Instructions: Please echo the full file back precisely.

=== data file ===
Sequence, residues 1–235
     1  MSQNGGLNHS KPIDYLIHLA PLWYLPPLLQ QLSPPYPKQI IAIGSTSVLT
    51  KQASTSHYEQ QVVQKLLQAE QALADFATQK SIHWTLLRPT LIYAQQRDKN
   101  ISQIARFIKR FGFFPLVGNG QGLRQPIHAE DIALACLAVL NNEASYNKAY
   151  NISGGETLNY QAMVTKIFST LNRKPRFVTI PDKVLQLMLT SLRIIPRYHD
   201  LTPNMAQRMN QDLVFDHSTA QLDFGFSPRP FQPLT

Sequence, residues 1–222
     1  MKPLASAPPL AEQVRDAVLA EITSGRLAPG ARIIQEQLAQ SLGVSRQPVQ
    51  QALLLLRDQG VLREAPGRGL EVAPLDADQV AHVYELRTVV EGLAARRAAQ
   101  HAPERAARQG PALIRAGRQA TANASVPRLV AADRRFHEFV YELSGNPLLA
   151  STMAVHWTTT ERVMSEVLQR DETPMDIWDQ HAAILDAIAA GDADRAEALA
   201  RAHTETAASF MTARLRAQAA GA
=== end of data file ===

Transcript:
Sequence, residues 1–235
     1  MSQNGGLNHS KPIDYLIHLA PLWYLPPLLQ QLSPPYPKQI IAIGSTSVLT
    51  KQASTSHYEQ QVVQKLLQAE QALADFATQK SIHWTLLRPT LIYAQQRDKN
   101  ISQIARFIKR FGFFPLVGNG QGLRQPIHAE DIALACLAVL NNEASYNKAY
   151  NISGGETLNY QAMVTKIFST LNRKPRFVTI PDKVLQLMLT SLRIIPRYHD
   201  LTPNMAQRMN QDLVFDHSTA QLDFGFSPRP FQPLT

Sequence, residues 1–222
     1  MKPLASAPPL AEQVRDAVLA EITSGRLAPG ARIIQEQLAQ SLGVSRQPVQ
    51  QALLLLRDQG VLREAPGRGL EVAPLDADQV AHVYELRTVV EGLAARRAAQ
   101  HAPERAARQG PALIRAGRQA TANASVPRLV AADRRFHEFV YELSGNPLLA
   151  STMAVHWTTT ERVMSEVLQR DETPMDIWDQ HAAILDAIAA GDADRAEALA
   201  RAHTETAASF MTARLRAQAA GA